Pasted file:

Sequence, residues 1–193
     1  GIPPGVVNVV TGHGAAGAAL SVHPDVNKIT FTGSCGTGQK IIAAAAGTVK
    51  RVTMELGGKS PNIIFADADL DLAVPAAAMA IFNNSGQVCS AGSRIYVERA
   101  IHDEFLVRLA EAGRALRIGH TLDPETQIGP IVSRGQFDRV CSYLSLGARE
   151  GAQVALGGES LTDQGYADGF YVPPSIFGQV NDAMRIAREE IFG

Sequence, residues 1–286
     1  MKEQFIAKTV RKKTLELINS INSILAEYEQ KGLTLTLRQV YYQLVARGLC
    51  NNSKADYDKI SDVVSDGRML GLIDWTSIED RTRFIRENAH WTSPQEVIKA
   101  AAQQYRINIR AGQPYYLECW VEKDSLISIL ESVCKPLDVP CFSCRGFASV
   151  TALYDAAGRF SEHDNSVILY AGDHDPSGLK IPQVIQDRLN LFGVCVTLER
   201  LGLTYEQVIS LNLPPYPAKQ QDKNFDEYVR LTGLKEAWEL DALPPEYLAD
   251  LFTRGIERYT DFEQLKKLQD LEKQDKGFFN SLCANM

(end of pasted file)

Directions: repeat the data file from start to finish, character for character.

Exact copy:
Sequence, residues 1–193
     1  GIPPGVVNVV TGHGAAGAAL SVHPDVNKIT FTGSCGTGQK IIAAAAGTVK
    51  RVTMELGGKS PNIIFADADL DLAVPAAAMA IFNNSGQVCS AGSRIYVERA
   101  IHDEFLVRLA EAGRALRIGH TLDPETQIGP IVSRGQFDRV CSYLSLGARE
   151  GAQVALGGES LTDQGYADGF YVPPSIFGQV NDAMRIAREE IFG

Sequence, residues 1–286
     1  MKEQFIAKTV RKKTLELINS INSILAEYEQ KGLTLTLRQV YYQLVARGLC
    51  NNSKADYDKI SDVVSDGRML GLIDWTSIED RTRFIRENAH WTSPQEVIKA
   101  AAQQYRINIR AGQPYYLECW VEKDSLISIL ESVCKPLDVP CFSCRGFASV
   151  TALYDAAGRF SEHDNSVILY AGDHDPSGLK IPQVIQDRLN LFGVCVTLER
   201  LGLTYEQVIS LNLPPYPAKQ QDKNFDEYVR LTGLKEAWEL DALPPEYLAD
   251  LFTRGIERYT DFEQLKKLQD LEKQDKGFFN SLCANM